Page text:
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Switching to glasses from contact lenses may stop you from touching your face 5/6/2020

Up until recently, it had been common to use contact lenses as an alternative to glasses, however, due to the COVID-19 pandemic, the American Academy of Ophthalmology (AAO) has recommended that we opt for the use of glasses.

The reason the academy suggests the change is because wearing glasses not only creates a barrier between your eyes and the rest of the world, but also prevents you from touching your face. When a person touches his or her face, especially the nose and mouth, he or she is at risk of getting COVID-19.

By wearing contact lens you're not only constantly touching your eyes by putting on and removing your lenses, but you're also touching your face.

A study by the US Center for Disease Control and Prevention (CDC)  found that one third of contact lens users were not compliant with proper hygiene practices, such as washing their hands, when putting on and taking out their contact lenses. This lack of hygiene has contributed to three outbreaks of eye disease in recent years.

Infectious diseases expert Dr. William Schaffner, in an interview with CNN news portal, commented that theoretically it´s possible that coronavirus can enter through the eye, but still there is no evidence of this, so it is highly unlikely that coronavirus can be obtained through the eye.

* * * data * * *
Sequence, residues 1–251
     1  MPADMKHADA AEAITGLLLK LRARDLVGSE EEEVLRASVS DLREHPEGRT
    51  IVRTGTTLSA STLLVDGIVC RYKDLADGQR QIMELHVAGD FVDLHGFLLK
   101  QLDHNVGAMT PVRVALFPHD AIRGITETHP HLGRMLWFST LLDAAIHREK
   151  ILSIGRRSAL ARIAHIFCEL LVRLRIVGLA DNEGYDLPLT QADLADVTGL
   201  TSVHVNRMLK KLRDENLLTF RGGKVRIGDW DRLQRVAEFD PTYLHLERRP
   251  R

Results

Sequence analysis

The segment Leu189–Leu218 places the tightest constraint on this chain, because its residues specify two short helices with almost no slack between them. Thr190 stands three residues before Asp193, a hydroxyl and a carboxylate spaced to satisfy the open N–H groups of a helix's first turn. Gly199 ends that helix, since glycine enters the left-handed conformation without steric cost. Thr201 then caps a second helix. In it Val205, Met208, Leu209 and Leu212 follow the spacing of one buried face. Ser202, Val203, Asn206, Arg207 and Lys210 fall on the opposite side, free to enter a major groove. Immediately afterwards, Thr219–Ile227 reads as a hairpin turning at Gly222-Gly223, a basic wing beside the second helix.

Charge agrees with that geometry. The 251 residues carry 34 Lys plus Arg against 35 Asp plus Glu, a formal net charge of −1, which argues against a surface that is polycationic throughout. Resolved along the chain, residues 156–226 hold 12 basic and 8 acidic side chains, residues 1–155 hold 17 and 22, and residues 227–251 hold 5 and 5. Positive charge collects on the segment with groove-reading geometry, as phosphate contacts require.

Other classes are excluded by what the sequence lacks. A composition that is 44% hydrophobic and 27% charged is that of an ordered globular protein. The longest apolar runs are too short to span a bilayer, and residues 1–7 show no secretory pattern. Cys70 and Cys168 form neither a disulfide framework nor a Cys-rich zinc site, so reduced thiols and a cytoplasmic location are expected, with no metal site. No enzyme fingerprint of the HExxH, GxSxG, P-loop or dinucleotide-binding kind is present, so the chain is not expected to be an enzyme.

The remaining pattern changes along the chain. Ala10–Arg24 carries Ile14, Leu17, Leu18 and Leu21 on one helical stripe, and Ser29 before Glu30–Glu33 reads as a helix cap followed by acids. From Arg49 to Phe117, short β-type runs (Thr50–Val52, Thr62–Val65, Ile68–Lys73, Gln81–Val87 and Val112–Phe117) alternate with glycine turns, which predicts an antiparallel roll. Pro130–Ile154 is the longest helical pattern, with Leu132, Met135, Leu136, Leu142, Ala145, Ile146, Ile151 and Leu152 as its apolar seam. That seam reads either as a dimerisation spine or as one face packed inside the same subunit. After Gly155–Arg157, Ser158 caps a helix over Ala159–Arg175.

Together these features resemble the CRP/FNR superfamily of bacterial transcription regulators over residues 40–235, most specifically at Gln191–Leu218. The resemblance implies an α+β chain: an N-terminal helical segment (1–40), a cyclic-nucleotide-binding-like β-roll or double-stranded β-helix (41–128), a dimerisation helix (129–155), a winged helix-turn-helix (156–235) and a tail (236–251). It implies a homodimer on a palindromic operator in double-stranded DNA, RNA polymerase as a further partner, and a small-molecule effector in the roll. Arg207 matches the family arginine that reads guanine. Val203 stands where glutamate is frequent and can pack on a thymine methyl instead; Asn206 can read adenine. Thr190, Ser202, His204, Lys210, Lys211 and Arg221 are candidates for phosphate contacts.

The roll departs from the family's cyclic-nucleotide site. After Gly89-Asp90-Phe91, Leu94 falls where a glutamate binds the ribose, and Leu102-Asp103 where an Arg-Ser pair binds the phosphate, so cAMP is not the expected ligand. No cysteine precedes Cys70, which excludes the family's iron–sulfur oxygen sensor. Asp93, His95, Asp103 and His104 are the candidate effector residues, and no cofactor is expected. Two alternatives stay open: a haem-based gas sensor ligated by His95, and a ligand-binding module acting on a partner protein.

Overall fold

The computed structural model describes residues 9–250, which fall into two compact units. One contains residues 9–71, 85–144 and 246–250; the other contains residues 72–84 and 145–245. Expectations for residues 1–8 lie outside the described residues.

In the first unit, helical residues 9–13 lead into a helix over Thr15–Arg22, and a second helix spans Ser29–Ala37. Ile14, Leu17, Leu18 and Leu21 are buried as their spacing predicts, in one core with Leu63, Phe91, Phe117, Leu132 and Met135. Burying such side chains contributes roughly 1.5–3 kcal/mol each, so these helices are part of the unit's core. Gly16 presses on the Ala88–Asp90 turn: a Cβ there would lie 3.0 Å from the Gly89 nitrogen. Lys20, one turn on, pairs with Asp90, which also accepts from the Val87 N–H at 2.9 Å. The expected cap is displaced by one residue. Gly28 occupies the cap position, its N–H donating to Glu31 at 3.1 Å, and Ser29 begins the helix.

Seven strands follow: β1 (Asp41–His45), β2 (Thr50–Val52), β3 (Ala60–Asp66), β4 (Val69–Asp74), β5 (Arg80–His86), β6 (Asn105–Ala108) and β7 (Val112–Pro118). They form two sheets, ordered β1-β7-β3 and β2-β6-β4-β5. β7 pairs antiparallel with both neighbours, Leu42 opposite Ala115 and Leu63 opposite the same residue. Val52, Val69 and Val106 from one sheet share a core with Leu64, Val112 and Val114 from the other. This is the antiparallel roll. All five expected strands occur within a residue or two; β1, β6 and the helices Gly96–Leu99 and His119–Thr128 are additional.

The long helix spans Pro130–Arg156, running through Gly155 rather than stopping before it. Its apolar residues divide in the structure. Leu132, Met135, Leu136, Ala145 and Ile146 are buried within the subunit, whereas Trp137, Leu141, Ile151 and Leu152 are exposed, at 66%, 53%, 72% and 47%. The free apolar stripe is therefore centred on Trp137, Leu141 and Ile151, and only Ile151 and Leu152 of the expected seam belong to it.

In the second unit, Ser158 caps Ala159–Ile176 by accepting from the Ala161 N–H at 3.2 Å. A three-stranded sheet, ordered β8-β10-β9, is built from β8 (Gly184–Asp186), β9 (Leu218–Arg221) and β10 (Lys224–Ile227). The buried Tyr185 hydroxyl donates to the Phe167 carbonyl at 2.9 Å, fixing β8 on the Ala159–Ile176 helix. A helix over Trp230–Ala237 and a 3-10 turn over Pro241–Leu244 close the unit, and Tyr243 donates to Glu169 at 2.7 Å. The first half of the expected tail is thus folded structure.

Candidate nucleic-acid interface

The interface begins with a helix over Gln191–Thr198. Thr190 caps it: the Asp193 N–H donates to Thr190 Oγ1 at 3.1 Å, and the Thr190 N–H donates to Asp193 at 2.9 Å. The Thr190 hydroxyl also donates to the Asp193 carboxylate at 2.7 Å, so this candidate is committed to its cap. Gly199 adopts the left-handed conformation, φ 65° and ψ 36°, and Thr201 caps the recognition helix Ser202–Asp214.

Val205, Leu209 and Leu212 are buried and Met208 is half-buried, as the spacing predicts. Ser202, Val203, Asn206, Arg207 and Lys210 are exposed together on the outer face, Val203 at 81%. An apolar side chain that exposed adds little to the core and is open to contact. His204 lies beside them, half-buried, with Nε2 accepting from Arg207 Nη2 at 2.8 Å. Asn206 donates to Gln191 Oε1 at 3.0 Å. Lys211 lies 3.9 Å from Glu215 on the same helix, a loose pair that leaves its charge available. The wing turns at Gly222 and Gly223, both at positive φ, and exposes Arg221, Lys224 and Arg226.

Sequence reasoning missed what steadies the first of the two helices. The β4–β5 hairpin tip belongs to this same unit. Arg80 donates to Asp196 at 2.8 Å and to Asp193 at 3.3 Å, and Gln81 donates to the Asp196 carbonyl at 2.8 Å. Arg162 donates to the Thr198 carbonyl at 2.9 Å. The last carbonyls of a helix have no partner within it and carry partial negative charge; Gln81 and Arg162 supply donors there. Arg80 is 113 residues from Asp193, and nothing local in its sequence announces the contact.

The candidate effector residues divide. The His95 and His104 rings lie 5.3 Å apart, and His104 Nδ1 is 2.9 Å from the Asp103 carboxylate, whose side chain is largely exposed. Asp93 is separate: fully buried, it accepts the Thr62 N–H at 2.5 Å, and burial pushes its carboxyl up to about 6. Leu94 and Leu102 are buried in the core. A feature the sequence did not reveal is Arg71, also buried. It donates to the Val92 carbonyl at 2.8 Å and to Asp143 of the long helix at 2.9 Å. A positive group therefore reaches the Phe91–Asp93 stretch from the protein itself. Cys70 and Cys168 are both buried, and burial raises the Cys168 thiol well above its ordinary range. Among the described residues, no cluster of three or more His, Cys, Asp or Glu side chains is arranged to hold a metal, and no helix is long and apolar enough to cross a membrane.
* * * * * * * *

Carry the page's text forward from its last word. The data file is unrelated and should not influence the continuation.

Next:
What is likely to happen is that COVID-19 can cause conjunctivitis, a highly infectious condition, where the conjunctiva, a transparent thin layer of tissue covering the white part of the eye and the inside of the eyelid, gets inflamated.

Symptoms may include tearing, itching or burning, blurred vision, red or "pink" in the whites of the eye, pus, mucus and a yellow discharge that can crusts over the eyelashes.

In a CNN article, it was noted that reports from China and around the world that 1% to 3% of patients with COVID-19 also had conjunctivitis. This in turn is concerning because coronavirus can be spread by touching fluid from an infected person's eyes, or from objects that person has touched which then carry the fluid.

Although conjunctivitis may be one of the many signs of COVID-19, it is not exclusive to COVID-19, it is just one of the many viruses that can cause this condition, and there are many other reasons why this condition may appear, such as allergies or other viruses.

Therefore, it is necessary to be on alert about the presence of these COVID-19 symptoms, and follow the general safety measures needed to take care of your health. Remember that to reduce the risk of getting infected you have to constantly be washing your hands, maintaining a social distance, avoid touching your face and rubbing your eyes.

 

Source:

Eye Care During the Coronavirus Pandemic. (2020). From The American Academy of Ophthalmology.

Show Me the Science: Data Behind Contact Lens Wear and Care Recommendations. (2020). From The Centers for Disease Control and Prevention.

Switching to glasses from contact lenses may stop you from touching your face. (2020). From CNN.

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